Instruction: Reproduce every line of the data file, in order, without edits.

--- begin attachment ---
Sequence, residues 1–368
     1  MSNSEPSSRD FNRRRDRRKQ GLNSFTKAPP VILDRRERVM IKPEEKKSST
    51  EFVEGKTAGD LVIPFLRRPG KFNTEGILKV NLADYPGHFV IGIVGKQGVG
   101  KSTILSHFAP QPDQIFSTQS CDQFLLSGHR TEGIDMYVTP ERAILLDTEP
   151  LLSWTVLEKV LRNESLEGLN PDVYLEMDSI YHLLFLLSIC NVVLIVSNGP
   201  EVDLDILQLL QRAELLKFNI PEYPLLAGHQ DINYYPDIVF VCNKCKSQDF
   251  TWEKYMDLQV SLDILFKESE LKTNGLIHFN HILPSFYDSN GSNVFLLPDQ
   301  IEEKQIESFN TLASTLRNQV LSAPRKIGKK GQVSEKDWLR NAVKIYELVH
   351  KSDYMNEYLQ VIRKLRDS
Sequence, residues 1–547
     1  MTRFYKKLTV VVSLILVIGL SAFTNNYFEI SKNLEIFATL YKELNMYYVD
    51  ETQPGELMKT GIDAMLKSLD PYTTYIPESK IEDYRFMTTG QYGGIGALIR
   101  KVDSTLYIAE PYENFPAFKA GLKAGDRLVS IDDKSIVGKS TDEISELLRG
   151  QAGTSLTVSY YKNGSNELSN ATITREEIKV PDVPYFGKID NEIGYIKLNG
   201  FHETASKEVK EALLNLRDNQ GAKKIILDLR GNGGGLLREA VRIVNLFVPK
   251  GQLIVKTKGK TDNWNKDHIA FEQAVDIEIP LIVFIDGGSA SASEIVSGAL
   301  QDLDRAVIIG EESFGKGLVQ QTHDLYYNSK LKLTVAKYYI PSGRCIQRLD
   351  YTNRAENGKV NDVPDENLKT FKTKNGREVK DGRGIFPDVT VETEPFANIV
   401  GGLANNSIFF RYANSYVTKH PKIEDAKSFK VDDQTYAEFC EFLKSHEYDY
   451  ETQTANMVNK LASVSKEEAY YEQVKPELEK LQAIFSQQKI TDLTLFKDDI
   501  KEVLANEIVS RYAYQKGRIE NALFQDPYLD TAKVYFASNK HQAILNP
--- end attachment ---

Sequence, residues 1–368
     1  MSNSEPSSRD FNRRRDRRKQ GLNSFTKAPP VILDRRERVM IKPEEKKSST
    51  EFVEGKTAGD LVIPFLRRPG KFNTEGILKV NLADYPGHFV IGIVGKQGVG
   101  KSTILSHFAP QPDQIFSTQS CDQFLLSGHR TEGIDMYVTP ERAILLDTEP
   151  LLSWTVLEKV LRNESLEGLN PDVYLEMDSI YHLLFLLSIC NVVLIVSNGP
   201  EVDLDILQLL QRAELLKFNI PEYPLLAGHQ DINYYPDIVF VCNKCKSQDF
   251  TWEKYMDLQV SLDILFKESE LKTNGLIHFN HILPSFYDSN GSNVFLLPDQ
   301  IEEKQIESFN TLASTLRNQV LSAPRKIGKK GQVSEKDWLR NAVKIYELVH
   351  KSDYMNEYLQ VIRKLRDS
Sequence, residues 1–547
     1  MTRFYKKLTV VVSLILVIGL SAFTNNYFEI SKNLEIFATL YKELNMYYVD
    51  ETQPGELMKT GIDAMLKSLD PYTTYIPESK IEDYRFMTTG QYGGIGALIR
   101  KVDSTLYIAE PYENFPAFKA GLKAGDRLVS IDDKSIVGKS TDEISELLRG
   151  QAGTSLTVSY YKNGSNELSN ATITREEIKV PDVPYFGKID NEIGYIKLNG
   201  FHETASKEVK EALLNLRDNQ GAKKIILDLR GNGGGLLREA VRIVNLFVPK
   251  GQLIVKTKGK TDNWNKDHIA FEQAVDIEIP LIVFIDGGSA SASEIVSGAL
   301  QDLDRAVIIG EESFGKGLVQ QTHDLYYNSK LKLTVAKYYI PSGRCIQRLD
   351  YTNRAENGKV NDVPDENLKT FKTKNGREVK DGRGIFPDVT VETEPFANIV
   401  GGLANNSIFF RYANSYVTKH PKIEDAKSFK VDDQTYAEFC EFLKSHEYDY
   451  ETQTANMVNK LASVSKEEAY YEQVKPELEK LQAIFSQQKI TDLTLFKDDI
   501  KEVLANEIVS RYAYQKGRIE NALFQDPYLD TAKVYFASNK HQAILNP